In 2004, Frank Warren began a massive undertaking: he distributed 3,000 blank postcards and invited strangers to share their secrets with him. This project grew into PostSecret.com – which now holds more than half a million secrets. Warren found that this initiative reveals our common fears, hopes, loves and desires – which are otherwise invisible. With Post Secret, he gives people the opportunity to anonymously relieve their silent burdens.
Frank Warren: Half a million secrets At TED2012, Warren shared some of these secrets, showing the impact that the revealing of a secret can have. Today’s edition of TED Weekends on the Huffington Post explores his talk. Below, find two essays all about the power of secrets. Plus, make sure to check out HuffPo’s slideshow of 10 particularly poignant secrets that people have revealed to the site.
Secrets can be transformative: Sharing a secret with another person, or just with ourselves, can change who we are.
Two questions I often hear are: Do you think these anonymous secrets are true? And what happens if you get a secret about a serious crime?
I think of each postcard as a work of art, and as self-revelatory art. Secrets can have different layers of truth. Some can be both true and false; others can become true over time depending on our choices.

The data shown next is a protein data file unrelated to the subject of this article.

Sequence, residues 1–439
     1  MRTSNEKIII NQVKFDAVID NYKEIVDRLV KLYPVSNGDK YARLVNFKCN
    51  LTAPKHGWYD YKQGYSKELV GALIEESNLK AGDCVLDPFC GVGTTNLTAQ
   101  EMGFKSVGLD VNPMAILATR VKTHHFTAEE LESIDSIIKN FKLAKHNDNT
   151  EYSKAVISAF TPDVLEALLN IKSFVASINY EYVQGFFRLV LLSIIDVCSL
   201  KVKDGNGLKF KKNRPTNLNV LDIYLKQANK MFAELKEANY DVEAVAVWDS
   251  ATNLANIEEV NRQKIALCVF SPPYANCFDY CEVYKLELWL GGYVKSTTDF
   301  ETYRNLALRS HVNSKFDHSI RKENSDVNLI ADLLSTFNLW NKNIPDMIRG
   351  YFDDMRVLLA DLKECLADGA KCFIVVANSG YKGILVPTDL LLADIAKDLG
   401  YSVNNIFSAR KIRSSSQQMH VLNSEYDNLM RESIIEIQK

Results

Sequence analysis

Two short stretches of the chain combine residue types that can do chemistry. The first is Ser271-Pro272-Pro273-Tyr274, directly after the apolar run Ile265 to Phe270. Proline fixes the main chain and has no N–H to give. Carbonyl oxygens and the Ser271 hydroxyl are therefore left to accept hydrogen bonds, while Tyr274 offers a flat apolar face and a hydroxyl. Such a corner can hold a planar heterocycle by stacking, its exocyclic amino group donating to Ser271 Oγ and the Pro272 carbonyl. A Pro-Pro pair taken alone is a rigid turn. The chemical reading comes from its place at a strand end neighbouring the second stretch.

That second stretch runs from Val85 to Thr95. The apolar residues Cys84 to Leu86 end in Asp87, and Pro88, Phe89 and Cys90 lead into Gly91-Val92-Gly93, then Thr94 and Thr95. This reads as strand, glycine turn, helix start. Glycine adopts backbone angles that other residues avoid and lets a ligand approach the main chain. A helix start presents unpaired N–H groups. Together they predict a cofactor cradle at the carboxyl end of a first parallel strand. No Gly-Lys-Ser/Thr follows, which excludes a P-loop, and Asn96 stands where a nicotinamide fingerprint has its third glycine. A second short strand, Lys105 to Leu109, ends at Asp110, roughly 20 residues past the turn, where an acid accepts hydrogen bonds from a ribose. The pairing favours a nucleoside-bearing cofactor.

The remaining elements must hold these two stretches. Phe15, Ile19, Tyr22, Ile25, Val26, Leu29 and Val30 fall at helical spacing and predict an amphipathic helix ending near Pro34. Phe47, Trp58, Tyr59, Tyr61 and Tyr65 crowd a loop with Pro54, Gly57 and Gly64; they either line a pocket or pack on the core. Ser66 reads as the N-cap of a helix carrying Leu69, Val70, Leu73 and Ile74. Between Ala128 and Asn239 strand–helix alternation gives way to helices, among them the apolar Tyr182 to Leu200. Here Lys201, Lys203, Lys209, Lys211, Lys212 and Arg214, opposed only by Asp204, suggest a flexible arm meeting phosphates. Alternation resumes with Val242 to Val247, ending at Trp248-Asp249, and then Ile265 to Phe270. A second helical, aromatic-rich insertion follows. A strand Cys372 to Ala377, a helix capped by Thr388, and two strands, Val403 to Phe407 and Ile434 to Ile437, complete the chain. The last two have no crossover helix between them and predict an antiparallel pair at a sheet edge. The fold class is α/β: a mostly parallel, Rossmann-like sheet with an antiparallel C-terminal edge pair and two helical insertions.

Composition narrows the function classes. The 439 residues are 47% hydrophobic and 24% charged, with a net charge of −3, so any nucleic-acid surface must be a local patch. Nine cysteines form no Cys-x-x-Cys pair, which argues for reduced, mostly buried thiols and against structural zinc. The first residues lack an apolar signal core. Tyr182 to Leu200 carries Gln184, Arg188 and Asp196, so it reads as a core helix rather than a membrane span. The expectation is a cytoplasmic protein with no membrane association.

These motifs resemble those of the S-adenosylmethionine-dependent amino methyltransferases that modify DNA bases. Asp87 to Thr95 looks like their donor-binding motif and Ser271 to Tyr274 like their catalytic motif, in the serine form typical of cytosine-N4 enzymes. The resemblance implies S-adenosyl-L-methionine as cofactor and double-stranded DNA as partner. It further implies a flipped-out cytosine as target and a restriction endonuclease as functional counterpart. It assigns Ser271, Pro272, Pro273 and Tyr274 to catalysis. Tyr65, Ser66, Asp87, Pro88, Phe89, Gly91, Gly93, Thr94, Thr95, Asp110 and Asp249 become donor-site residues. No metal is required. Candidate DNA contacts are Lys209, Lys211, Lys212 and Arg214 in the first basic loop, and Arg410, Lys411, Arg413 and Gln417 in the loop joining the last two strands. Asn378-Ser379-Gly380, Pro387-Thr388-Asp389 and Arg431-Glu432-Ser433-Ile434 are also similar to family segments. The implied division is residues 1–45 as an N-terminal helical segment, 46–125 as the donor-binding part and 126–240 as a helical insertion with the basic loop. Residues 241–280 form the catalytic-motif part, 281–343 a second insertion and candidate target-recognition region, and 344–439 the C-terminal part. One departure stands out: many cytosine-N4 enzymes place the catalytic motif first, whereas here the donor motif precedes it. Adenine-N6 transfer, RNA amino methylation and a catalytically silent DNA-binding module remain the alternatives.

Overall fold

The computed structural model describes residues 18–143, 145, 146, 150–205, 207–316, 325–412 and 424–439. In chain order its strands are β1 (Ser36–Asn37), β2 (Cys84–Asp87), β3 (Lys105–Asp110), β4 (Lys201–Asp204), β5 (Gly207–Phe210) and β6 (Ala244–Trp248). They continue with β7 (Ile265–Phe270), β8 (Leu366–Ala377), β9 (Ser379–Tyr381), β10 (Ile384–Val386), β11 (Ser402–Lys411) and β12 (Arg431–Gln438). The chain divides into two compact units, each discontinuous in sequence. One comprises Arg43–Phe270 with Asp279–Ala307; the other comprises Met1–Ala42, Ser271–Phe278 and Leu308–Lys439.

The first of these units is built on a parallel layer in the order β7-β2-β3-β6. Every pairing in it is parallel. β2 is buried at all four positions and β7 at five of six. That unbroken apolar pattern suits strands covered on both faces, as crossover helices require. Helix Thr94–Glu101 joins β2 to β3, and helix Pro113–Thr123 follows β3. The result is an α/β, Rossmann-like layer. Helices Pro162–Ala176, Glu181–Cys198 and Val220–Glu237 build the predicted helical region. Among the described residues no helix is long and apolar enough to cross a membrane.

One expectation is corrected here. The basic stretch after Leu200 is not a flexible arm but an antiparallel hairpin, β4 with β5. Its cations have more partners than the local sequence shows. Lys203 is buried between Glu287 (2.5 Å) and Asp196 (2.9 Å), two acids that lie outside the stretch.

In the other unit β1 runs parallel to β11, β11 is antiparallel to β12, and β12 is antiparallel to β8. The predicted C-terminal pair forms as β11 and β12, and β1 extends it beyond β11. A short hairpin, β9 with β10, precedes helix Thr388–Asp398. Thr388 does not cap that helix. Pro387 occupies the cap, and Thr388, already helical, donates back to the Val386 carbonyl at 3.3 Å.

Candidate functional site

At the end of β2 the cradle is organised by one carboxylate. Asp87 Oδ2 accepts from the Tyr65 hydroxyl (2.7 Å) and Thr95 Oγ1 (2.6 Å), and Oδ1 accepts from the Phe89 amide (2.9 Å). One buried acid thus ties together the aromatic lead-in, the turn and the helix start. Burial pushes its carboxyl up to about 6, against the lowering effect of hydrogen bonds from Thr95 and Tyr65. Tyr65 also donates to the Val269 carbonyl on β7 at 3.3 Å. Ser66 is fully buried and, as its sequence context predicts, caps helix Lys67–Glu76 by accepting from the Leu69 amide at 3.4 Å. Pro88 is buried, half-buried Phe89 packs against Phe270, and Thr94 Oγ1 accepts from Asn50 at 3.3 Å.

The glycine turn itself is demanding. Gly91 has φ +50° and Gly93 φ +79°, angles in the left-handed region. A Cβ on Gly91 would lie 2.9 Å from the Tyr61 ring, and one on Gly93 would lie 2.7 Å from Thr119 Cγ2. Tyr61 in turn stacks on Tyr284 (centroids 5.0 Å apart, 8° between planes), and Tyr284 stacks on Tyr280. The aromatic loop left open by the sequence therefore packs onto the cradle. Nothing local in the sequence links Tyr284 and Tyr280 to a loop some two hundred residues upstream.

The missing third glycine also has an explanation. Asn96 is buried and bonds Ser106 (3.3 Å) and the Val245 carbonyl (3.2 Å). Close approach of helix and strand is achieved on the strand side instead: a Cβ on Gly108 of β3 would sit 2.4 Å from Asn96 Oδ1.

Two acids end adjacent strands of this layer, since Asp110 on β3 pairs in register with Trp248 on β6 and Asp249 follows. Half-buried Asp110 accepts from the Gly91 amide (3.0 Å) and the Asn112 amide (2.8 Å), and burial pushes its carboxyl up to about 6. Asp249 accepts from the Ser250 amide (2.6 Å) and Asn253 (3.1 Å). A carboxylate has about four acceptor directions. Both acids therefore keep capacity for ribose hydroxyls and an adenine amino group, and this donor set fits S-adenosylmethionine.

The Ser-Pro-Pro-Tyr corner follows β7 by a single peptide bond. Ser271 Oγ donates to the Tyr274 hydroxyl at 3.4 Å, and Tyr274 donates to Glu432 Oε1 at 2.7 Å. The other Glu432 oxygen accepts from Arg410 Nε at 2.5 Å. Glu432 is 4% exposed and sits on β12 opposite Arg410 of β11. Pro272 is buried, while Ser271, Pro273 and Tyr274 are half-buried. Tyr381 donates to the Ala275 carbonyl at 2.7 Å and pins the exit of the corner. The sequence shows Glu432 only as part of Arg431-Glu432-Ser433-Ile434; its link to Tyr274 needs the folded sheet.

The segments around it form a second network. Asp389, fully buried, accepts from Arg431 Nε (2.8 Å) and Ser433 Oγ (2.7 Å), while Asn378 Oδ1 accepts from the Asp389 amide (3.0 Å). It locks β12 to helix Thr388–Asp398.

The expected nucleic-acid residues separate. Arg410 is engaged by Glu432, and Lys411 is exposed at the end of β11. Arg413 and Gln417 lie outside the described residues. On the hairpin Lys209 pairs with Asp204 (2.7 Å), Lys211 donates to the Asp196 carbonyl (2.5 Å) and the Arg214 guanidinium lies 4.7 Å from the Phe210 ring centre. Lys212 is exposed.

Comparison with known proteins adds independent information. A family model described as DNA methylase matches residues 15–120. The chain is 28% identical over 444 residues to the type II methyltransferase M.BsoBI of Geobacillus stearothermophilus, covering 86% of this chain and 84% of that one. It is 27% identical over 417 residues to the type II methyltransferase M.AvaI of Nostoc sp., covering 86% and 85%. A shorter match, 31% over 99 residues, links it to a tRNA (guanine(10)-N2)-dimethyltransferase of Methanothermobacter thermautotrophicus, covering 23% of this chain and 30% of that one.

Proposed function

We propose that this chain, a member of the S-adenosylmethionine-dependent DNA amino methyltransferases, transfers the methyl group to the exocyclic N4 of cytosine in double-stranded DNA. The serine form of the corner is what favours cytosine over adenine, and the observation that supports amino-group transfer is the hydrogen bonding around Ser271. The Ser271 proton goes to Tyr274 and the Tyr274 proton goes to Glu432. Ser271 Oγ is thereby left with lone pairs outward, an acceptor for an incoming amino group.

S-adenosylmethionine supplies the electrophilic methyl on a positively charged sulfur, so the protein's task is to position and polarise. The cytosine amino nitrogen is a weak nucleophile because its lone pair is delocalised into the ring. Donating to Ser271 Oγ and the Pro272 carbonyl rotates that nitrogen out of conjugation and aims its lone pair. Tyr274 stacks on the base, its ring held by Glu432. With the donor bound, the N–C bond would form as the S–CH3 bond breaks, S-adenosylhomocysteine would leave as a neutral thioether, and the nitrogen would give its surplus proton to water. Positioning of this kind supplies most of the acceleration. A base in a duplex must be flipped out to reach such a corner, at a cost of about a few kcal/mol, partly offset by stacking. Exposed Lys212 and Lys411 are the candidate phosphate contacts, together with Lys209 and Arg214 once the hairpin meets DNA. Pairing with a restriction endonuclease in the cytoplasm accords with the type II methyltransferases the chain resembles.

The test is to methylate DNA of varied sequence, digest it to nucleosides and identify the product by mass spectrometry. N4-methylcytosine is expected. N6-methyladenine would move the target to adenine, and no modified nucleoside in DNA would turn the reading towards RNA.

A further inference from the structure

Sometimes a secret we keep from ourselves only becomes true after we read it on a stranger’s postcard. Early in the project I received this email:
“Dear Frank, Do you know that I left my boyfriend of a year and a half because of the postcard that read, ‘His temper is so scary, I’ve lost all my opinions.’ It hadn’t even occurred to me what was happening, and it took a total stranger writing it down to make me realize what the hell was going on in my life.” Read the full essay »
I recently did a study that, among other things, looked at the secrets and lies that people keep from their spouse or committed partner. You know, the person who we share vows with, the person who we say “I love you” to, the person we share a bed and a life with — that person. The national and international study of 80,000 people, part of which appears in The Normal Bar (with Chrisanna Northrup and Jim Witte) indicates that secrets and lies are commonplace in relationships, not only in the United States, but in the world. 43 percent of men and 33 percent of women say they keep major secrets from each other — in fact, 27 percent of people who said they were in an “extremely happy relationship” also admitted to having major secrets from their partner.
In France and Italy , big secrets seem to be a way of life; approximately 75 percent of men and women there said they had them. As for lies, 75 percent of our men, and 71 percent of the women said they occasionally lie to their partner-and that was even true for 69 percent of the happiest couples. Read the full essay »